The train to Eastbourne was with Southern Rail, and it took about an hour and a half. Somewhere along the way it started to rain, and I wondered if finally I might get some use out of the extravagant purchase that was my travel coat. I packed for cooler weather and possible rain, neither of which have eventuated. I have way too many cool weather clothes and nowhere near enough warm weather ones. Who’d have thought.

We arrived in Eastbourne just before midday and took another cab to our hotel. First cab on the rank rule applies here, as we found when we thought we’d take the second-in-line van for our luggage, rather than the sedan at the front. It fitted easily though, so we were fine.

We have a beautiful sea view room, and the hotel feels very swanky. I feel very under-dressed.

I think if you add my and Lil Sis’ ages together you might get the average age of the guests here.

Unlike our London hotel, this one has a fridge in the room, and it even has a library. There are small bowls of sugar cubes on the table in the bar complete with little tongs. It’s a bit posh!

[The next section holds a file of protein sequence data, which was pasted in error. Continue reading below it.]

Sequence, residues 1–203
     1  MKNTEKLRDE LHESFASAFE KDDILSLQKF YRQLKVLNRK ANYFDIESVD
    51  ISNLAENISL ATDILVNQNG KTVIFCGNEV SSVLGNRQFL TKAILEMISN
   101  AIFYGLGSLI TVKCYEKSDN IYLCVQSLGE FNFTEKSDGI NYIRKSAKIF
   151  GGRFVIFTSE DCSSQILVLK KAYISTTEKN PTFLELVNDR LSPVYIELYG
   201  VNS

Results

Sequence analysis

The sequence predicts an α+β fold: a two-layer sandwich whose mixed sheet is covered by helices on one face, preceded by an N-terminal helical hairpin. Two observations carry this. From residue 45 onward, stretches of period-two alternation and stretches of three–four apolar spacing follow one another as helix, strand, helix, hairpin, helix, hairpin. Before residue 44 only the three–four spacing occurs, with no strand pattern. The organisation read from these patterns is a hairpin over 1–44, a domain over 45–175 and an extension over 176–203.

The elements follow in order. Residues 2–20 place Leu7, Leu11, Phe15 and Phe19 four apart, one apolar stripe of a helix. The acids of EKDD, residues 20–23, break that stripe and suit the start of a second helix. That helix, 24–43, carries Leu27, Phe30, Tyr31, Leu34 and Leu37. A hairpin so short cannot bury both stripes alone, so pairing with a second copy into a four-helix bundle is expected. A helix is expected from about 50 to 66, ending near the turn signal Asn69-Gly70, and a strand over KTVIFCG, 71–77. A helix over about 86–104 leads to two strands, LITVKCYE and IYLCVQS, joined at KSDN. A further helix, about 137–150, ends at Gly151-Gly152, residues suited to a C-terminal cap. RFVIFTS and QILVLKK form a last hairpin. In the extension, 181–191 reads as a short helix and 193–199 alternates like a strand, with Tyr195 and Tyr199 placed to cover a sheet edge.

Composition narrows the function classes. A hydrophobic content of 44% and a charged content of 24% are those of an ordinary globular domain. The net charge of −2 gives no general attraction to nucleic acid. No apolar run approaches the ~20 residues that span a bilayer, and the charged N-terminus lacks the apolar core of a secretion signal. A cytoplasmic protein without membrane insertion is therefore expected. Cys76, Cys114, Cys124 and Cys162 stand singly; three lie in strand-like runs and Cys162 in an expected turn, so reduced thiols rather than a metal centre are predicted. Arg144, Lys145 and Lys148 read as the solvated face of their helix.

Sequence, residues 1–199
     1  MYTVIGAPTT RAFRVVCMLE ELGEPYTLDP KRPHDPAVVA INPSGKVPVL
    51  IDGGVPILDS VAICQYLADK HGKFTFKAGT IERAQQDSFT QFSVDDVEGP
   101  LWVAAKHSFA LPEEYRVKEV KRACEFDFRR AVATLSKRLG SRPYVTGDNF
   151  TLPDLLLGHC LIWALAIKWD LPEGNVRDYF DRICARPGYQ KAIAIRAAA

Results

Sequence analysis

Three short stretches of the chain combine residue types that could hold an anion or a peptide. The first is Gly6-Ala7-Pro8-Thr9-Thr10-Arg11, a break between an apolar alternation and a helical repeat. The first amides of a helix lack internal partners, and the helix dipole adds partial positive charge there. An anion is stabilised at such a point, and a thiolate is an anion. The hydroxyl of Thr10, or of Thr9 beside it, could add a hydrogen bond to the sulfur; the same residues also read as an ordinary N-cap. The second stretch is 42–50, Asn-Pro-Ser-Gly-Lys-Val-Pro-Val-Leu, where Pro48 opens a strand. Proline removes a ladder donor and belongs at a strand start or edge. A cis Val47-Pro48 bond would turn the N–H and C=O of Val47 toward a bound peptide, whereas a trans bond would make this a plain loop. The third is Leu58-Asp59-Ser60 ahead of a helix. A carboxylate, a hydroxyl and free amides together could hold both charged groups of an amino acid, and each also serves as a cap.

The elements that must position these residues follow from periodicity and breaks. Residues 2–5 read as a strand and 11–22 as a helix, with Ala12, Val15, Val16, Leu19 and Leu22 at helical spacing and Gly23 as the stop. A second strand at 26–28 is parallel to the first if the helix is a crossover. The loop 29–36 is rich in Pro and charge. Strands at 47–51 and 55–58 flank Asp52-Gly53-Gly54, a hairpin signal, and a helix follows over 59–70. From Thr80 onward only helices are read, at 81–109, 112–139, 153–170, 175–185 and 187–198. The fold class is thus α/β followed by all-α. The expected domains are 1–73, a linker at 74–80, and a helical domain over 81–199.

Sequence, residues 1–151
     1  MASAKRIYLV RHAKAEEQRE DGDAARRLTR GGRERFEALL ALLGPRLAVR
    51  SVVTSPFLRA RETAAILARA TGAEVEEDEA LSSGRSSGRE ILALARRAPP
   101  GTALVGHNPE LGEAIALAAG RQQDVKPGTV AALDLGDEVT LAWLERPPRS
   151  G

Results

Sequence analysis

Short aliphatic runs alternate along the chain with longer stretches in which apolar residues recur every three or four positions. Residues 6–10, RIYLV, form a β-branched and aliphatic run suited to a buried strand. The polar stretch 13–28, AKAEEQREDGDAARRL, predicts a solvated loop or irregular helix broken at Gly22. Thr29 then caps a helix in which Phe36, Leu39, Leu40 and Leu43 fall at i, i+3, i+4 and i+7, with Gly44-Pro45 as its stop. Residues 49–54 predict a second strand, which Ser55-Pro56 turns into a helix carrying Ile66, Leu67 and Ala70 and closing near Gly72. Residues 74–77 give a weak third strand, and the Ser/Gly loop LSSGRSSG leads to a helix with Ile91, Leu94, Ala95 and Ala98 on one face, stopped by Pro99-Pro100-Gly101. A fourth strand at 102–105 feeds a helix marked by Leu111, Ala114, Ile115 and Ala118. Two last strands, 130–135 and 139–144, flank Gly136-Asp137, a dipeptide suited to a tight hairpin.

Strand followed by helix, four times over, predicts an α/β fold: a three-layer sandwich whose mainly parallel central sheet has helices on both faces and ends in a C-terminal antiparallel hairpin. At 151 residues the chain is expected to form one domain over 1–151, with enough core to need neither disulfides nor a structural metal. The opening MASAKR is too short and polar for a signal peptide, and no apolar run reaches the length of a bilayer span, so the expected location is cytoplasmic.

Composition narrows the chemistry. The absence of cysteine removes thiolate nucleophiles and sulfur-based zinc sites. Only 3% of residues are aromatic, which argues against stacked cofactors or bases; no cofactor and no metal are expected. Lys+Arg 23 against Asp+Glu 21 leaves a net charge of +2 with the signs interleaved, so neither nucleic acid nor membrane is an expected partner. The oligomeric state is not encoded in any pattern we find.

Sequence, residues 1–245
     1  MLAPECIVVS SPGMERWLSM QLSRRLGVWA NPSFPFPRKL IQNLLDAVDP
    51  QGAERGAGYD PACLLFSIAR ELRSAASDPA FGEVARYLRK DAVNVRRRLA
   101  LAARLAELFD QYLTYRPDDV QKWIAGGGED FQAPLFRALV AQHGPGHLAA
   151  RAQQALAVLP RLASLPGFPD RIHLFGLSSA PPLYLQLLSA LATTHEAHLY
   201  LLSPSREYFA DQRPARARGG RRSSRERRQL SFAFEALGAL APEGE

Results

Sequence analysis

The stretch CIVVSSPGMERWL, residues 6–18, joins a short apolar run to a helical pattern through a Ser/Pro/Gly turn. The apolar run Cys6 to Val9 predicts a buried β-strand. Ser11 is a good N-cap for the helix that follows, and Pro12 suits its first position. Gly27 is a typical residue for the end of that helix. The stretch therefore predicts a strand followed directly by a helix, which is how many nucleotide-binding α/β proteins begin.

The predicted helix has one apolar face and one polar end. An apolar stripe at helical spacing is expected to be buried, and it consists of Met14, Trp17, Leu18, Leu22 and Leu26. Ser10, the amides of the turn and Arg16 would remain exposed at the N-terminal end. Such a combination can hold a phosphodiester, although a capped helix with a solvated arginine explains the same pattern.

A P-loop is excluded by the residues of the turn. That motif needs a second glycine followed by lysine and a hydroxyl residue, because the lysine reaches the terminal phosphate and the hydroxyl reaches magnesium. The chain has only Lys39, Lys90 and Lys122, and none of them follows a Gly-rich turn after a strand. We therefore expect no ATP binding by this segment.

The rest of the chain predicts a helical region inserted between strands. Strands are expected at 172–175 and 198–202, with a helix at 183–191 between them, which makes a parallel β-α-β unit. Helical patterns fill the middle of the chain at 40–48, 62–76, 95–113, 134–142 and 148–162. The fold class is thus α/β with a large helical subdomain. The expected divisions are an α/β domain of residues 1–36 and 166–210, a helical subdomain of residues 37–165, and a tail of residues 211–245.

We can see the Eastbourne Pier from our window – part of this burnt down a couple of months ago, which is sad, as this is one of Eastbourne’s iconic attractions. I believe the rest of the pier was re-opened to the public on the weekend, so we should be able to go and have a look.

Our first stop after checking in was the Rainbows Launderette in Seaview Road (the road doesn’t actually have a sea view). The man there was lovely and very helpful and I give this place the thumbs up. While our washing was washing, we walked through the town to the Visitor Centre to pick up some brochures. Eastbourne seems to be one of those places where there’s the tourist centre (aka the beachfront, with its row of massive hotels) and the town centre which is the real world.

Right now we’re in the bar looking out over the beach, sampling the different beers. The WiFi is a lot better here than in our rooms (the receptionist asked if we wanted WiFi when we got here, adding ‘you look like the type of people who do’ – I guess pulling out the iPad to give her our reservation details gave that away), so sadly I might be spending a lot of time here.

I’m very sad about this.